NEW ORLEANS (AP) — The attorney for New Orleans linebacker Jonathan Vilma has filed a court brief in the bounties case with an email from a former assistant coach who called the Saints a "dirty organization."
The email from Mike Cerullo to NFL spokesman Greg Aiello is part of a motion that seeks to block former Commissioner Paul Tagliabue from hearing appeals of the alleged program to pay for injury-producing hits. Vilma claims that Cerullo had a vendetta against Saints interim coach Joe Vitt after being fired.
The motion by Vilma's attorney, Peter Ginsberg, also challenges the NFL's plan to have Cerullo and former Saints defensive coordinator Gregg Williams testify by telephone at the hurricane-delayed appeals hearing. Ginsberg writes that both men should be at the hearing if it goes forward.
Vilma was suspended for the entire season — the stiffest suspension of four players named in the bounties case — but he was allowed to suit up while appealing. Tagliabue was scheduled to hear the case this week, but it was delayed because of Superstorm Sandy. The other players are Saints defensive end Will Smith, Cleveland Browns linebacker Scott Fujita and free agent defensive end Anthony Hargrove.
Cerullo's email, dated Nov. 2, 2011, tells Aiello that he has information on Vitt lying to an NFL investigator about a bounty program "along with proof!!" Cerullo has been fired by the Saints after the 2009 season, which Vilma claims led him to seek revenge against Vitt and the Saints.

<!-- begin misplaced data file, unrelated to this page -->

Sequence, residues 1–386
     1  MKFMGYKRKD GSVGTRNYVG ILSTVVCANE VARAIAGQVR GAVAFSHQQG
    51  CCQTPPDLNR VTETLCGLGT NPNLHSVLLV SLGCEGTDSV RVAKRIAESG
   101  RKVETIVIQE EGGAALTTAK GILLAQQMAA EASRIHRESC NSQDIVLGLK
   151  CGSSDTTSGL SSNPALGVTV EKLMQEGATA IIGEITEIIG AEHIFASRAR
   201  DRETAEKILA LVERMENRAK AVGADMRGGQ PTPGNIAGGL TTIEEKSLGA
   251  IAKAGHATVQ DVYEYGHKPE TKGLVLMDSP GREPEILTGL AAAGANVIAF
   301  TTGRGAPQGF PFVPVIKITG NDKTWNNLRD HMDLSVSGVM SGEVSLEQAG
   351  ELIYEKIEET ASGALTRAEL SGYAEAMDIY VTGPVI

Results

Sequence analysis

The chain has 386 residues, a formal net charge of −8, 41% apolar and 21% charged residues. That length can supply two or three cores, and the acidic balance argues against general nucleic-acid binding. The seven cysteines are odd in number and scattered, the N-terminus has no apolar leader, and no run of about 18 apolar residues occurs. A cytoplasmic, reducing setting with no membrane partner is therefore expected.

"I was there, in the cover up meetings, with players and Joe," Cerullo wrote. "I love the NFL and want to work there again, but I am afraid if I tell (the) truth I will never coach again in NFL. But I was fired for a situation the Saints encourage."
Cerullo said he was hoping to be hired by another NFL team and if talking with Aiello jeopardized his chances, "I will have to get back to you, but The Saints are a Dirty Organization."
Details of the email were first reported by ProFootballTalk.com.
Ginsberg said the NFL has agreed to make Cerullo and Williams, the alleged mastermind of the scheme, available by telephone for the appeals hearing. The attorney said that won't do.
"Given their importance to this matter, testimony by telephone is not an adequate substitute," Ginsberg wrote. "The NFL should be required to produce for in-person testimony any witness upon whom it intends to rely during the upcoming hearing so that the witness can be adequately examined and his or her credibility adequately evaluated."
AP Sports Writer Brett Martel contributed to this report.
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